Disclaimer: This is a general citation for reference purposes. Please consult the most recent edition of your style manual for the proper formatting of the type of source you are citing. If the date given in the citation does not match the date on the digital item, use the more accurate date below the digital item.

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Title The Spoonbill, Vol. 9, No. 1, May 1960
Alternative Title The Spoonbill, Vol. IX, No. 1, May 1960
Contributor (LCNAF)
  • Emanuel, Victor L.
Publisher Outdoor Nature Club
Date May 1960
Subject.Topical (LCSH)
  • Ornithology
Subject.Geographic (TGN)
  • Houston, Texas
Genre (AAT)
  • newsletters
  • periodicals
Language English
Type (DCMI)
  • Text
Original Item Location ID 2007-023, Box 9, Folder 13
ArchivesSpace URI /repositories/2/archival_objects/9845
Original Collection Outdoor Nature Club Records
Digital Collection Outdoor Nature Club Newsletters
Digital Collection URL http://digital.lib.uh.edu/collection/2007_023
Repository Special Collections, University of Houston Libraries
Repository URL http://libraries.uh.edu/branches/special-collections/
Use and Reproduction No Copyright - United States
File Name index.cpd
Item Description
Title Image 10
Format (IMT)
  • image/jpeg
File Name uhlib_2007_023_b009_f013_005_010.jpg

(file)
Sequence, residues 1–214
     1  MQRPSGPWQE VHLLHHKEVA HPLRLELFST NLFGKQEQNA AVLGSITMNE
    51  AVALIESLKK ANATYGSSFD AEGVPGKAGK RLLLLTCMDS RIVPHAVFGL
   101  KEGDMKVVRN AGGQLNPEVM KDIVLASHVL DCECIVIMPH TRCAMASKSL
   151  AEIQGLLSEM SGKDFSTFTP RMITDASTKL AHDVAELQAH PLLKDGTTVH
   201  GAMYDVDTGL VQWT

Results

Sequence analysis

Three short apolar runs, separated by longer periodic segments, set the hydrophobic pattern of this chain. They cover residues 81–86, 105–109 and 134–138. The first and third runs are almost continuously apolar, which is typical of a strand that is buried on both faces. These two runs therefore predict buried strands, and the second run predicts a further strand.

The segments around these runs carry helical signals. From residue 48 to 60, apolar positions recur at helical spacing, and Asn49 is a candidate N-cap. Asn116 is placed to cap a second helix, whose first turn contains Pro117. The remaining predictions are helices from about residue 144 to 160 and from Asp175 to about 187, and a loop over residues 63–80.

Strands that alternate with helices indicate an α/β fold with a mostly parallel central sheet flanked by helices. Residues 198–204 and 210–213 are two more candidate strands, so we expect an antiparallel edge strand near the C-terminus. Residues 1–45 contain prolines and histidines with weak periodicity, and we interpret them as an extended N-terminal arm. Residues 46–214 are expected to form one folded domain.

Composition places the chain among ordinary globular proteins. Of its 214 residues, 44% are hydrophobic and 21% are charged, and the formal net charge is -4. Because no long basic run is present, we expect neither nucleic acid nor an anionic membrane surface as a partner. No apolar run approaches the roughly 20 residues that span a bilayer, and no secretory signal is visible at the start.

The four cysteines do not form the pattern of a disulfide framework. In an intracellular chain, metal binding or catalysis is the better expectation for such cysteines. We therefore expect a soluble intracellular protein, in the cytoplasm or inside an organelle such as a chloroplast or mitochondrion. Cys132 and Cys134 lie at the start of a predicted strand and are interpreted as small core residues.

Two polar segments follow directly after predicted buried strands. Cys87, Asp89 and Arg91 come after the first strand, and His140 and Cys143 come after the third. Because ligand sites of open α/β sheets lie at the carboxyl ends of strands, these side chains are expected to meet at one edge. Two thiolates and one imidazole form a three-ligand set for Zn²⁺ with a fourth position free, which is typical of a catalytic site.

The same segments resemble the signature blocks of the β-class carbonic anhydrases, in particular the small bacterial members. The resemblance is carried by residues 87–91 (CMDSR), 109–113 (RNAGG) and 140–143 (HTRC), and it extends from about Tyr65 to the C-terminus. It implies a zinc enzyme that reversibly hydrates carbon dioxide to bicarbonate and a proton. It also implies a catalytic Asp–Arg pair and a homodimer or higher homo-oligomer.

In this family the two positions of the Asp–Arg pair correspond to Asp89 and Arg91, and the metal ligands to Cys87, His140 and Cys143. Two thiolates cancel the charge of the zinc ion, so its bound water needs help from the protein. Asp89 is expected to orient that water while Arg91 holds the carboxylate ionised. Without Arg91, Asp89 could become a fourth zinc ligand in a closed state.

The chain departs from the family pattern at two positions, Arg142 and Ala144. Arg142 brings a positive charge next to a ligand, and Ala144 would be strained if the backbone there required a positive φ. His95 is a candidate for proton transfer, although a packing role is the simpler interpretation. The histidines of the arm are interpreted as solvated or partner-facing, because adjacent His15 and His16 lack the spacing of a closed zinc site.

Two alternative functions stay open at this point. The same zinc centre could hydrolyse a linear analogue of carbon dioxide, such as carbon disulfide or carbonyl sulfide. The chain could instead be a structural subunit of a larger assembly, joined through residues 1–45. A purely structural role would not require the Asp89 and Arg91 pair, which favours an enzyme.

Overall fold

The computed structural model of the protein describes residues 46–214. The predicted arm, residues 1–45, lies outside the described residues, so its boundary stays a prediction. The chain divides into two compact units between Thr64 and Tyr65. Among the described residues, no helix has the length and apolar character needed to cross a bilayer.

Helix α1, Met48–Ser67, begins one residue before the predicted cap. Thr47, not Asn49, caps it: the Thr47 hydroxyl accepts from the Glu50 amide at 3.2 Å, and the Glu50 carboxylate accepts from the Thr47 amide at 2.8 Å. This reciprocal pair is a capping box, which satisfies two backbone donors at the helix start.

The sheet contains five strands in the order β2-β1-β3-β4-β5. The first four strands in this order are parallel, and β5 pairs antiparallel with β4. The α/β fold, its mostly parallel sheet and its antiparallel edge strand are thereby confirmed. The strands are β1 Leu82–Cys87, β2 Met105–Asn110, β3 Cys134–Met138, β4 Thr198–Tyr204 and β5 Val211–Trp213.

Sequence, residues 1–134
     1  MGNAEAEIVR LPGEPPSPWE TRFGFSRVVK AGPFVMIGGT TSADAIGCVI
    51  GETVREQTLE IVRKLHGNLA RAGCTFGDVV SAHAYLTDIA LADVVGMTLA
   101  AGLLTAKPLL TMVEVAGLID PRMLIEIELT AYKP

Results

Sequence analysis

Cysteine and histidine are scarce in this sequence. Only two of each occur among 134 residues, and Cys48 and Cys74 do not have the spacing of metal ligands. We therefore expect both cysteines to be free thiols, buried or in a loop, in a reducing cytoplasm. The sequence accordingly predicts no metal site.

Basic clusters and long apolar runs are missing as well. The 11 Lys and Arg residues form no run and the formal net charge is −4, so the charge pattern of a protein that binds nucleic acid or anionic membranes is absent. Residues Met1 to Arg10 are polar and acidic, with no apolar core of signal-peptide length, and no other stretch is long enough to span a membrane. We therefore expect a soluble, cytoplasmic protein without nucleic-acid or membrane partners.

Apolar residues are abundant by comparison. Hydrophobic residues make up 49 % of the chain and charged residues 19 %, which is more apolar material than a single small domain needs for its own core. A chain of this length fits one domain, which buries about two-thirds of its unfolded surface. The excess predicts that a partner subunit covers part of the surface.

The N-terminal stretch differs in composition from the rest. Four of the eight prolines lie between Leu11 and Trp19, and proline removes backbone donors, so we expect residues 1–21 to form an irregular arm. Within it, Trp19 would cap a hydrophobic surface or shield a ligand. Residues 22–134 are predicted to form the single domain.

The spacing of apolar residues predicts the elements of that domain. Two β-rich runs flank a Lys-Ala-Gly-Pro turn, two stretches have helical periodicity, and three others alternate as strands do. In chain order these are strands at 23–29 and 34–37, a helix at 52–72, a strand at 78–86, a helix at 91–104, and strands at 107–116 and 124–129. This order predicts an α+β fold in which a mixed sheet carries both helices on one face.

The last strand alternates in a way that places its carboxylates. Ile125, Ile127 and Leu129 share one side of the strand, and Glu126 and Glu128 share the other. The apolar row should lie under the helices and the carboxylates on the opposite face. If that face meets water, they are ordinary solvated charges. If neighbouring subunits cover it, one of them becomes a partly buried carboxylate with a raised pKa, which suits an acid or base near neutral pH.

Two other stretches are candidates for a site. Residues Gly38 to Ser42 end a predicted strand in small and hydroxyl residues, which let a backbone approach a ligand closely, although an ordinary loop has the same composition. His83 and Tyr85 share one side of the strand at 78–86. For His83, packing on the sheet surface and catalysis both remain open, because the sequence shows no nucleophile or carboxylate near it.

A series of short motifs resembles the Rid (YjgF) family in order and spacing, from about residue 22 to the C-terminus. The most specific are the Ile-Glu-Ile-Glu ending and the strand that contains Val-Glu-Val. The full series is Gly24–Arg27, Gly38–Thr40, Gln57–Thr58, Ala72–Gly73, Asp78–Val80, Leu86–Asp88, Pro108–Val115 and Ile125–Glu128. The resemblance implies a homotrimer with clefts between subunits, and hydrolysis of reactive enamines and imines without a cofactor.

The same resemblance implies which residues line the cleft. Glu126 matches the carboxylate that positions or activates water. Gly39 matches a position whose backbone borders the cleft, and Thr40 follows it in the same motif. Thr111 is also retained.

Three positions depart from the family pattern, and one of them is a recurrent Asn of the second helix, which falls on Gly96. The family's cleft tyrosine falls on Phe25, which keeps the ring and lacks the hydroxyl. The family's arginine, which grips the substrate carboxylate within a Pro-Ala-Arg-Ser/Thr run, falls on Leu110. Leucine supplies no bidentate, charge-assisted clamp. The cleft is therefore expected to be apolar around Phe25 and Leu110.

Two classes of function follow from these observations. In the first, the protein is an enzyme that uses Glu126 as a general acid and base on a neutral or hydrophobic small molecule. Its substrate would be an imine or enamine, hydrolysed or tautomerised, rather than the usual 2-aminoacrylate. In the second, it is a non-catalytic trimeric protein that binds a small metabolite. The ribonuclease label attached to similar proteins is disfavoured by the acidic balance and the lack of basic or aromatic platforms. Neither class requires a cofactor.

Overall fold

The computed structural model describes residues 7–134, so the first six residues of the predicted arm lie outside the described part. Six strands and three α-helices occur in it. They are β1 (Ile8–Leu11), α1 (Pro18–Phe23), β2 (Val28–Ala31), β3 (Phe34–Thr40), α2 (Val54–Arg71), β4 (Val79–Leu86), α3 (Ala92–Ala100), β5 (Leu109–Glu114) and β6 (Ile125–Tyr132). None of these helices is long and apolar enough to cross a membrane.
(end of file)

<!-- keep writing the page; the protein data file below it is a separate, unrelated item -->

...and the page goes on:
Transcript page 10 ESKIMO CURLEW AI GALVESTON. APRIL 3. I960 BY VICTOR L. EMANUEL On March 26- and 27, I searched unsuccessfully for the Eskimo Curlew on Galveston, first with Raul Cornell and then with T. B. Feltner. On April 2, Leota Stilwell and Norma) Oates saw a. suspicious looking curlew on Galveston, but rain which started shortly after they sighted it prevented them from seeing it at close range. On April 3, Steve Williams, Carl H. Aiken, and I went down to Galveston early. We searched for the Eskimo Curlew all day. At 3:55 just as we were starting to go home (we were looking at the. last field we planned to check) we spotted five curlew in a field. Four of tham.were Whimbrel, the fifth was an Eskimo Curlew. After we had observed it for about one minute, it. flew and headed down the island toward San Luis Pass. We had remained in the car-toe entire time and were a good distance jrom the bird. The Whimbrels difi ine'CSSBF'■ With, our binoculars we were able to follow the bird until it either went out of sight or dropped into, a field far down the island (the heat waves made following it with binoculars difficult). We attempted to locate the bird which we had seen in the fields toward which it had flown. In doing so, we met the Stricklings and Hoffmans and informed them of our discovery. After our unsuccessful attempt to locate the bird, we returned to the field where we had first found it. We were studying curlew in.that field when Mrs. Strickling drove up to infonn.ua that they had found an Eskimo Curlew in ai nearby field. We rushed to that field. They had seen the bird there at 4:30 p.m. It was still there when we arrived and observation with -Uie. scope confirmed their identification which.had been made with 7 x 50 binoculars at 300 yards. Mr. & Mrs. J. B. Strickling, Mr. & Mrs. Henry S. Hoffman and our party were able to observe thabird through a 30 power Balscope at 300 yards at leisure. The bird was still feeding in the field at 5:30 p.m. when we left. The following are details on the observation:: Perhaps the best mark and the most striking one was the vary thin short hill. The Whimbrel is a decidedly thick billed bird,, with a thick blunt bill which.usually has as pinkish base to the lower mandible. We estimated the bill length-at one to one and one fourth head lengths. The second most striking mark was the buffiness.. This is especially noticeable on the lower abdomen and crissum. Most Whimbrels have white crissums,. some have ai faint pinkish wash on the crissum, but the Eskimo Curlew had a>distinctly buffy crissum. The pmnin size, approximately the size of a Golden Plover, was also very striking. On April 3, we saw the Eskimo Curlew in comparison with Whimbrel (only at the first field we saw it in), Golden Plover, and ai Long-billed Curlew. It was, of course, much smaller than the Long-billed Curlew. Other marks included the top of the head whichis a uniform brown cap with a thin white indistinct median strips.. The line through the eye was brown and the line above the eye was light buff. The hind neck and upper back were delicately streaked and all the feathers of the back and secondaries of the wings appeared to be edged ttth buffy giving the whole bird a much darker over-all &T appearance than that of'ttie Whimbrel. The Eskimo Curlew stood lower than the Whimbrel and had a different feeding posture which was also lower than that of the Whimbrel. Subsequent Observations: Neither I nor any of the other persons who saw the Eskimo Curlew on April 3rd were able to find it again this spring. However, other persons, searched for the bird and the following-.-observations have been reported to me. April 4 - Armand Yramategui reported an Eskimo Curlew on Galveston. April 6 - Clinton and Linda Snyder reported an Eskimo Curlew on Galveston. April 11 - Mr. O'Hearn reported a "suspicious looking" curlew on Galveston. East spring, the Eskimo Curlew was first reported on March 22 and stayed up until April 26. This spring no reports were received after April 11 despite persistent attempts to find the bird. Perhaps good flying weather in the first half of April induced the bird to migrate on north. EASTER MIGRATION WAVBI BY T. B. FELTNER On Sunday the 17th of April I spent the entire day on Galveston Island cheeking the natural migrant traps. M. steady wind from the south resulted in a very poor count. Throughout the entire Island I found only, three migrant passerines - an Orchard Oriole and a Redstart at LaFitte's Grove and aiRed-eyed Vireo in one of the cedarbreaks on S Road. At approximately 4:30 p.m. I had just started to leave the island when I caught sight of several beautiful thunderheads over West Galveston. Immediately I headed back toward the clouds hoping that the impending rain would bring down some migrants. Between 9- and 10- mile roads I met John Easter & Grant McNiehols and while we stood there discussing the situation at large it began to rain very lightly with a wind shift bringing a fresh breeze from the northwest. Almost immediately birds began to literally materialize in the sky over our heads.